How-to Advice and Fishing Tips for Anglers

How to Make Your Own Large Wooden Fly Boxes by Allan Burgess

The large wooden fly box can hold around 300 lures.

Making Large Wooden Fly Boxes

Here is a great idea for those who like to make things.

Although I carry several small fly boxes in my vest pockets when trout fishing, I also wanted several large fly boxes to store a large range of flies and lures in my vehicle, should I wish to fish them while travelling around the country. Previously I carried them in large plastic compartment boxes designed to carry hard-bodied lures. Each compartment would hold several dozen lures but they tended to get all tangled together.

Just a length of 40mm x 10mm dressed pine and thin plywood is all the materials you need to make the large fly box.

I travel around to different places for extended periods and like to have a go at several different styles of fishing. In other words, I needed to carry a lot of different flies with me. After all, they are no use if they are at home.

Being a fly tier means I can easily produce heaps of feathered lures and nymphs very cheaply. I do a bit of sea-run trout fishing using large lures when the water is discoloured. I’ll often switch over to dark coloured lures as darkness draws in. On the other hand, if the rivers are low and clear something like a sparsely tied size 6 or 8 Grey Ghost is more likely to get a strike.

When the river is running a bit high and discoloured anglers fishing Canterbury river mouths will use larger yellow coloured lures like the Yellow-Lady. Personally, I like to use rabbit skin for my wing material whenever possible rather than the more traditional hackle feathers. Rabbit skin is much quicker and easier to tie, and if you can get your own skins, way cheaper as well.

A mitre saw makes cutting the side of your fly-box frame quick and easy.

I’ve gone for a fly-box measuring 380mm x 200mm x 40mm closed. This will easily hold 300 of the largest lures. I figured that if I made it any larger if would become awkward to carry in a pack, if I need to do so, as well as difficult to stash in a vehicle. The best idea would be to make several of this size rather than something so big it would be a pain to carry anywhere. Now 300 lures are quite a lot. A box this size would also probably hold 600 nymphs. They would have cost a thousand dollars to buy in a shop. Therein lies the great advantage of tying your own. This lot, including the box, would have cost around a tenth of that amount.

Subscribe to Fishingmag
Get the latest fishing articles, news, videos, tips, and updates. The Fishingmag newsletter is delivered to your inbox every Friday.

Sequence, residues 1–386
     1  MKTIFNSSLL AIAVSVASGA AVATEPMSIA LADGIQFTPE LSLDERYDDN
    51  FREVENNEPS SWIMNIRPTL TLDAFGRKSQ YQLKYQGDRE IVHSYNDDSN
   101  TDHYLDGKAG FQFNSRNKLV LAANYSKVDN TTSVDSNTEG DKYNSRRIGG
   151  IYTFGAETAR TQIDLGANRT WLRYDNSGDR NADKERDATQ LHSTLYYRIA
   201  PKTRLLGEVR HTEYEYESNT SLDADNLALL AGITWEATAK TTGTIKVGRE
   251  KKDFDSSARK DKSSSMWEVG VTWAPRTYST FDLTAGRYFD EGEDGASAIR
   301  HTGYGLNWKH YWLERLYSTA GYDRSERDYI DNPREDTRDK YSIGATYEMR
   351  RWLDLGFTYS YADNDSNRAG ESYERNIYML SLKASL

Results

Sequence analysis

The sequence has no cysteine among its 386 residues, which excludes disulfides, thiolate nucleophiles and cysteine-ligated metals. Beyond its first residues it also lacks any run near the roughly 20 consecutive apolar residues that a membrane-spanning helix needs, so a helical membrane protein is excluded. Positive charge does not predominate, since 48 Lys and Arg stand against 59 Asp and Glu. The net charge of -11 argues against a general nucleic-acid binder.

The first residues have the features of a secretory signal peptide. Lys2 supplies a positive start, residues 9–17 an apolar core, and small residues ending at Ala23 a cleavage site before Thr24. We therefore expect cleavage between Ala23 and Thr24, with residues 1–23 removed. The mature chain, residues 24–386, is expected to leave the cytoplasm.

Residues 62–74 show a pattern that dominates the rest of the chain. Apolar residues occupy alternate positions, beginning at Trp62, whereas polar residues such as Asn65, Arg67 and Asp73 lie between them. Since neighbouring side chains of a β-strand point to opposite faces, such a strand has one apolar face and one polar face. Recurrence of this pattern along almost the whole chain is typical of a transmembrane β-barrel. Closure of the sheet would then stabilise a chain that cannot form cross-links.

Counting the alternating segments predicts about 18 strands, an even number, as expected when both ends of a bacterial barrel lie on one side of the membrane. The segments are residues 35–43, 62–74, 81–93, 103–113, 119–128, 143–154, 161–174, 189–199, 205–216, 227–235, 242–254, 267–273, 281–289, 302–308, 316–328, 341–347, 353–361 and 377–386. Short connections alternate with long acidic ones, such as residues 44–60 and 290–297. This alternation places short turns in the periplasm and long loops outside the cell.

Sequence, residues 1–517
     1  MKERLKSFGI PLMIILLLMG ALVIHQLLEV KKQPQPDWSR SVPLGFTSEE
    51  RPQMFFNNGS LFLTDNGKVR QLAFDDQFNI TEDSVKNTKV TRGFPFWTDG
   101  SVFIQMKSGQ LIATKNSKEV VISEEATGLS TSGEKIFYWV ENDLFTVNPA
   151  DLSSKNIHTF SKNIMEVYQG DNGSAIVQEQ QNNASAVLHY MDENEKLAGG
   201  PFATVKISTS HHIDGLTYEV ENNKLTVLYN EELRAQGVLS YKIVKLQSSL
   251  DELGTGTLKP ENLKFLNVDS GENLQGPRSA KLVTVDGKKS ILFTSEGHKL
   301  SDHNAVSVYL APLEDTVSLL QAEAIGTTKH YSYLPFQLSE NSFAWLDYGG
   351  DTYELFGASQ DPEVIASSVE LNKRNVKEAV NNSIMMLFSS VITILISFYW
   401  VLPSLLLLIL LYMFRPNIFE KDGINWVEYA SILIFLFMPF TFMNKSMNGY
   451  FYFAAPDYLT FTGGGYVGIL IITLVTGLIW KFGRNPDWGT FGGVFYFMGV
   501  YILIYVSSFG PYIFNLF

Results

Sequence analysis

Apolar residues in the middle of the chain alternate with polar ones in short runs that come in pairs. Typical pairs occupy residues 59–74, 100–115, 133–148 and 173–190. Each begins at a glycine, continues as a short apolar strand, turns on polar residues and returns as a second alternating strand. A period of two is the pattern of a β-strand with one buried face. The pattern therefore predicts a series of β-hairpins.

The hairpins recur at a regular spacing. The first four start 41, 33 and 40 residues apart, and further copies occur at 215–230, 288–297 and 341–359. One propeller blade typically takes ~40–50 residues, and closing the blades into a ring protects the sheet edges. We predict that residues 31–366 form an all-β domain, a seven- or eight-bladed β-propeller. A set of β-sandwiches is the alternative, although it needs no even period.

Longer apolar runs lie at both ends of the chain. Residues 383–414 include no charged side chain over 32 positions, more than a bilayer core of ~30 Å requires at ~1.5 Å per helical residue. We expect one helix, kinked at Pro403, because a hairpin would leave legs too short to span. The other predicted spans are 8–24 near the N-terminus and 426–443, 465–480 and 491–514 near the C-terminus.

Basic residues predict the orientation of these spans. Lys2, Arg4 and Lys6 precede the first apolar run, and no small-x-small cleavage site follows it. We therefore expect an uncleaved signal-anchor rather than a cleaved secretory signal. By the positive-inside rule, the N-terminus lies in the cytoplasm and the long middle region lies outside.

The box was very easy to make from materials I found in the shed. Just a length of dressed pine 40x 10mm and a bit of thin plywood was all that was needed for the box. I glued it together with PVA glue and nailed it as well. For more of a fine arts-and-crafts finish, it would be better to glue and clamp it only. After the glue was dry I cut all the way around the frame to separate the two halves. Just a bit of filling and sanding was all that was required for finishing.

You can tape the corners and clamp the top and bottom in place after glueing for a very professional finish to your fly-box.

I varnished the book to make it protect it from damp and improve its appearance. I lined the inside of each half of the box with closed cell foam from an old camping bed mat glued in place with Ados F2 contact adhesive. This worked very well. I guess it will eventually wear out from having too many hooks pushed in and pulled out of it. But even if it does it will be very quick and cheap to replace.

I have the brass hinges and catch to keep it closed but these weren’t attached at the time the photographs were taken.

You could easily substitute a suitable tin or box instead of making your own. Just cut out and glue in closed cell foam to suit. I’ve got another couple of these little projects in mind so stay tuned.

The large wooden fly-box can hold around 300 lures.
The finished fly-box can easily hold 300 larger size trout flies.
The finished box with brass hinges and Velcro fasteners. The Command brand fasteners keep the box closed yet allow it to be open quickly and easily.

This post was last modified on 21/08/2020 1:24 pm

Leave a Comment
Published by

Recent Posts

Gemfish – Rexea solandri – Southern Kingfish, Hake, Deepwater Species

Gemfish - Rexea solandri - Synonyms = Jordanidia solandri and Rexea furcifera Waite, 1911  Other names for Gemfish: Southern Kingfish, Hake (Tikati), and…


Using a Swim Feeder – Ledgering Made Easy – Coarse Fishing NZ

One of the problems encountered when ledgering in ponds and rivers is positioning your hook…

20/11/2021 Newsletter 12 Nov 2021

Hi Brian,   12 November 2021 Update   Spinning for Trout with Lures, Soft Baits,…


Beetles – Brown, Green and Black

By Martin Langlands Beetles form an important part of the trout's diet, from late spring…


Spinning for Trout with Lures, Soft Baits, Flies and Bubble Floats

Spinning for Trout with Lures, Softbaits and Bubble Floats By Allan Burgess For the novice…


Bottom Fishing at the Three Kings Islands

Game fishing is so mind blowing bottom fishing is mostly over looked! By Andrew Padlie…